Meat Loaf’s bug-eyed antics make Stage Fright less painful to endure



As far as movies go, the horror-musical is a strange bird. How many horror freaks want a film’s unstoppable killer to break out in song seconds before committing his evil deed? That ruins the suspense. And how many Broadway devotees want to follow a viewing of Cats with a midnight screening of Hostel? That’s a lotta torture for one night.

Then again, I’ve gotta admit that the last horror-musical I saw—Saw II, III, and IV director Darren Lynn Bousman’s gory Repo! The Genetic Opera—was pretty entertaining. And who doesn’t love watching Tim Curry camp it up in The Rocky Horror Picture Show?

Unfortunately, the new horror-musical Stage Fright doesn’t do much to win folks over to the genre—though not for Meat Loaf’s lack of bug-eyed trying.

Ten years after their mother, Kylie Swanson (the slumming Minnie Driver), is gruesomely murdered backstage following her performance in The Haunting of the Opera, her teenage kids Camilla and Buddy (Allie MacDonald and Douglas Smith) find summer jobs as cooks at a kids’ musical-theatre camp run by failed producer Roger McCall (Loaf).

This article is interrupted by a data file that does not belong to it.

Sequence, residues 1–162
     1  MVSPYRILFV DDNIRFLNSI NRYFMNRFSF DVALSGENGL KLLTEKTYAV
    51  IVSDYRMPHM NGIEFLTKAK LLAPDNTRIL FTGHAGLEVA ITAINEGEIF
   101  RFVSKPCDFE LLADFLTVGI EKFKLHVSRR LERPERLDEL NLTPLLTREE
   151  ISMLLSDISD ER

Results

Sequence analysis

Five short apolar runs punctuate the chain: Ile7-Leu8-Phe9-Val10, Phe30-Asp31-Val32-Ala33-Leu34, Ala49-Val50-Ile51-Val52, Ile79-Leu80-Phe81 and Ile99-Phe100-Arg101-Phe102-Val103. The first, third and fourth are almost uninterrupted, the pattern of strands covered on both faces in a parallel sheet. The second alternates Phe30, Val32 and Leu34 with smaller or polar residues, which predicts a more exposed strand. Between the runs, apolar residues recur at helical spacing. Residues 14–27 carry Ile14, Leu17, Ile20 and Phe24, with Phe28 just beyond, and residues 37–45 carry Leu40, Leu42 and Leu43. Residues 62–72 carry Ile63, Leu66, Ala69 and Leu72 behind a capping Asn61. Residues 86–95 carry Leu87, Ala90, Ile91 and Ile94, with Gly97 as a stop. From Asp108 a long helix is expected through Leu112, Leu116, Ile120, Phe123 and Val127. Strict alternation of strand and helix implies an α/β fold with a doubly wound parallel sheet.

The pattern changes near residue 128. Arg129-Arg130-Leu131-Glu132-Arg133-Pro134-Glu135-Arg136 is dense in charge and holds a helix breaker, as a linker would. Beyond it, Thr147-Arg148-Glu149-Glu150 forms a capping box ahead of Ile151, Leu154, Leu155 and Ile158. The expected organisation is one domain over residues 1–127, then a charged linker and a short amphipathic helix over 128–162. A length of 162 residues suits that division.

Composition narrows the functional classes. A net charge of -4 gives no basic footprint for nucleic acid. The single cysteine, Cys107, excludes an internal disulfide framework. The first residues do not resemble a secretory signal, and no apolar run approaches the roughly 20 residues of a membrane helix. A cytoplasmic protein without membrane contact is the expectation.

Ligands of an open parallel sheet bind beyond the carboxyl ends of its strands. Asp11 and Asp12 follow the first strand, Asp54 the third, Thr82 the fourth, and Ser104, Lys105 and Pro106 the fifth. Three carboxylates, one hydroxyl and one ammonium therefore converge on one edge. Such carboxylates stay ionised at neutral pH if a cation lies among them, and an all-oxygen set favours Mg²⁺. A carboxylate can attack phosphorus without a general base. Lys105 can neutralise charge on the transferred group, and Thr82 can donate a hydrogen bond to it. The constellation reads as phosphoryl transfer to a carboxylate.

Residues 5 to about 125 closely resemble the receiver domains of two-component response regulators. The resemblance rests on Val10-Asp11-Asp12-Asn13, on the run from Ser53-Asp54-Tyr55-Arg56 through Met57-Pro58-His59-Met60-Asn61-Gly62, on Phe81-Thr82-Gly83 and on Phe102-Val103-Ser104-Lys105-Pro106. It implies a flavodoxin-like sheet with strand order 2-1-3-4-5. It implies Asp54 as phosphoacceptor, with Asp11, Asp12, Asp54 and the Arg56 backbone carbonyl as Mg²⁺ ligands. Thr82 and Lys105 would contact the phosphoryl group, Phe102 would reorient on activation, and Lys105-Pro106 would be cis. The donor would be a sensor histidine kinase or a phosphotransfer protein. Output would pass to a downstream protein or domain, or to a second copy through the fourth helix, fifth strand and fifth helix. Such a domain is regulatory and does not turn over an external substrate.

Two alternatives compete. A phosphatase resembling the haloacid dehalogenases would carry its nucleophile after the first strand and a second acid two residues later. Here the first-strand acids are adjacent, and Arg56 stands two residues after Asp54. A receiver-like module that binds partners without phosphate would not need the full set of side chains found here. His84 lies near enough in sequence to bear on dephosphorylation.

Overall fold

When Camilla learns that they’re going to remount The Haunting—set in feudal Japan, no less!—she decides to audition, but there’s a kabuki-mask-wearing, metal-loving psycho on the loose who doesn’t agree that the show must go on. Suspicions are cast on Camilla’s jealous rival for the lead role and the camp’s creepy caretaker, among others.

“Isn’t it wrong to sing and dance when somebody died?” asks a little girl after the killer comically takes out one of the smarmier staffers, and—unless you’re a card-carrying member of the Glee fan club—you’ll wholeheartedly agree. But as utterly painful as Stage Fright is for its first hour or so, the film is saved somewhat by the final act’s delirious pacing, over-the-top performances, and comedic death scenes.

Once Meat turns up the heat it’s hard to look away, although plugging your ears is always an option.


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